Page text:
Friday, February 19, 2010

Read This Book:
Marcelo in the Real World

I read a few highly touted books over the December break, and was pretty much underwhelmed by each. What a joy, then, to pick up Marcelo in the Real World by Francisco X. Stork, and find it every bit as good as it was said to be. It has much in common with Mark Haddon's wonderful novel The Curious Incident of the Dog in the Night-Time , but this is a different story, and Marcelo is a different sort of hero.

In Curious Dog, though the words 'autism' and 'Asperger's' are never used, Christopher's unique way of seeing the world give readers the opportunity to walk in the shoes of an autistic savant, gifted in math and profoundly uncomfortable with the noise, chaos and interactions of human society. From Christopher I learned about hyperfocus. Where I would walk into a pasture and see green grass and some brown and white cows, Chris could tell us exactly how much grass, how many cows, how many spots each cow has and how the spots are distributed on each cow's body. Relentlessly logical, devoid of humor (it just doesn't make sense), a guy like Chris can be incredibly difficult when viewed from the outside, but when viewed from the inside, from his point of view, everything changes, and the reader is the better for the experience.

In contrast, Marcelo is very aware of his condition, which is similar to, but not exactly Asperger's Syndrome. His family is well-educated and affluent, and Marcelo has been encouraged, protected and supported -- he goes to a special school, had years of social training, he lives in a tree house in their backyard, and though the Sandovals are Catholic, Marcelo has regular meetings with a female rabbi to discuss issues of God, faith and religion, his "pervasive special interest." He is also tall, handsome, and seventeen.

What Marcelo really isn't good at is people, their feelings, social cues, ambiguity and unpredictable natures. And so his father, founding partner of a very successful Boston law firm, is requiring that Marcelo spend the summer outside his comfort zone, in the "real world" of his law offices. Following the rules of the real world means
engaging in small talk with other people. It means refraining from talking about my special interest. It means looking people in the eye and shaking hands. It means doing things "on the hoof," as we say at Paterson, which means doing things that have not been scheduled in advance.
Marcelo is very bright, and sees the world with great clarity, but he doesn't feel the world in a way he can handle. An everyday challenge is to remember to refer to himself in the first person. He often mentions how well he has been trained to appeal "normal," when he knows he isn't. Marcelo's emotional growth is guided by Jasmine, the young boss of the mailroom, who somehow understands Marcelo, challenges him to try unfamilar and scary tasks, and who also becomes an inspiration and a role model for him.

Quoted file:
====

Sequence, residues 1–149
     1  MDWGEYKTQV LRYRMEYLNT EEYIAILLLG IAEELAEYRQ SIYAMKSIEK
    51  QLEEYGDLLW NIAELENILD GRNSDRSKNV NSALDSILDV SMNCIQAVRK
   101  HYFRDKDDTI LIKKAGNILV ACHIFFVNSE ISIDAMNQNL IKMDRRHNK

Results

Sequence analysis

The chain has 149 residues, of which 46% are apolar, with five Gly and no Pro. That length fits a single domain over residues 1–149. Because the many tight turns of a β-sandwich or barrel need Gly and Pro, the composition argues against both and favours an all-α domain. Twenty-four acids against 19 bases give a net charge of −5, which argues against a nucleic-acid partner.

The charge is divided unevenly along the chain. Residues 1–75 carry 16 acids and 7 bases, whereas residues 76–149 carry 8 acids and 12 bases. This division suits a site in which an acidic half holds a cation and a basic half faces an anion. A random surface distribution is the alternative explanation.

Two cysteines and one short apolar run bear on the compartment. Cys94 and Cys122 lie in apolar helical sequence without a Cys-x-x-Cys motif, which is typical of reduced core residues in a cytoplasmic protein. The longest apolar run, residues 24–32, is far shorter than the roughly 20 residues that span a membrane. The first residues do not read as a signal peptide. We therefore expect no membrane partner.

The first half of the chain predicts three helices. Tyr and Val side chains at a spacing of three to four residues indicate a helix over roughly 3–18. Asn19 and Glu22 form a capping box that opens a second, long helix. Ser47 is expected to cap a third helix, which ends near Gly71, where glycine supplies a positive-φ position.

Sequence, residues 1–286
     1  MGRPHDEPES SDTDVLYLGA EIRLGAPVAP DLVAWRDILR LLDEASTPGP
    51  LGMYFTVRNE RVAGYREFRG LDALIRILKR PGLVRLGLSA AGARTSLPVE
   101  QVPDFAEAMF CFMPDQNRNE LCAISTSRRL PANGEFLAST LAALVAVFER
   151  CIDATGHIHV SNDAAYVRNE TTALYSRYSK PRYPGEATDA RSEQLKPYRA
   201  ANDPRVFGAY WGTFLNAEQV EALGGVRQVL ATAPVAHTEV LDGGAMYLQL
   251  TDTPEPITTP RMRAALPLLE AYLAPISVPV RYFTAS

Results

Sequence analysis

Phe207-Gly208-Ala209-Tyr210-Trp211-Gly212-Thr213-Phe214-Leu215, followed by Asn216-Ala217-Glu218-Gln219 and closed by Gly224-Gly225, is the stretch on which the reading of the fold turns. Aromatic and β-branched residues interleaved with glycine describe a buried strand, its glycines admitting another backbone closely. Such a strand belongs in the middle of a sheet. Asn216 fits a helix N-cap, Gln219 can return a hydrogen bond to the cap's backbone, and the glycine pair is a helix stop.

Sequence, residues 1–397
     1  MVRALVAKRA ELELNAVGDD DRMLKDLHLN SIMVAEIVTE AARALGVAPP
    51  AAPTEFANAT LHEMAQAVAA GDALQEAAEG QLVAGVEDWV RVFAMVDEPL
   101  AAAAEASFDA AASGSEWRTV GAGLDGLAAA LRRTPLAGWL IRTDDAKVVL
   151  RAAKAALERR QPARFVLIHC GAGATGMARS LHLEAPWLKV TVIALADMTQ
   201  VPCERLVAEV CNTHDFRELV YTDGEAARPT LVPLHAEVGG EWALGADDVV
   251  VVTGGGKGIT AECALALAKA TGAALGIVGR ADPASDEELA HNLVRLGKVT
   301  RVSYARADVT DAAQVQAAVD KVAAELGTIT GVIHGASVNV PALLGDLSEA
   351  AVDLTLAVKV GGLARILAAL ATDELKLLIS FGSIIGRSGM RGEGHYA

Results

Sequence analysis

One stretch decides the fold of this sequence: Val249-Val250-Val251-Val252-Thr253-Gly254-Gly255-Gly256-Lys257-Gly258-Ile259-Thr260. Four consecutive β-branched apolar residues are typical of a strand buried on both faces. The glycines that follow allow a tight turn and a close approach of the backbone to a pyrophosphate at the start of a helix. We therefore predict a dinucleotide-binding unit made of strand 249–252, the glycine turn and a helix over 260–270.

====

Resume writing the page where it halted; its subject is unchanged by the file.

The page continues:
Francisco X. Stork writes Marcelo's thoughts and observations in brilliant deadpan (a comic's dream straightman). As he grows, Marcelo not only recognizes his growth; others' reactions to him prove it. The novel is studded with wonderful passages that show rather than tell what it's like to be Marcelo.

When his father takes him to the gym for a lunchtime workout:
I know by now that I have a tendency to get annoyed about being asked to do something unexpected. I have worked very hard over the years to reduce the level and duration of the annoyance. I have been working on that as long as I can remember.
When Jasmine mock-swoons over the mention of Wendell, arrogant son of the firm's other partner, Marcelo recognizes the intent.
"That is called sarcasm," I say. There is no need to be proud of myself for recognizing it, but I am.
The catalyst that pushes Marcelo onto a path that's illogical, unscheduled, and full of uncertainty, is his discovery of a photograph of a young girl who has been horribly disfigured in a car accident. His father's firm is representing the defendant, a wealthy manufacturing firm responsible for the shattered windshield that hurt the girl, and the law firm's biggest client. In some way, this picture pulls together for Marcelo his lifelong fascination with religion and the reality of suffering in the world, and he is moved to action.
Why does the picture of the girl unsettle me so much? . . I have been around kids that suffer ... It's like I have walked among them without noticing the pain that must exist beneath their skin. Now I notice the girl in the picture and I feel as if I were responsible for her pain.
As a child, Marcelo had a unusual ability to hear what he calls his IM, "internal music," the feelings aroused by beautiful sounds without actually hearing them. As Marcelo struggles with his choices, his growing ability for empathy and passion for justice, his IM fades. It is replaced by feelings aroused by life in the real world, and as Jasmine tells him, he'll know the right choices the way she knows how to compose at the piano. "The right note sounds right and the wrong note sounds wrong."

There's so much to like about this novel, not least that the Sandovals are a Mexican-American family starring in a book that is not about being the struggles of being Hispanic. Remember how exciting it was that the Spy Kids movies had all Hispanic stars?

Over the years we have had several teens with Asperger's at Paideia. From Marcelo, I have learned about the "pervasive special interest" that is a hallmark of Aspergers, be it religious philosophy, political issues, or baseball. I understand how our students have learned and benefited from the years of training that they've had. We talk a lot here about reading as a window into different worlds. Read this book, and see a different world.

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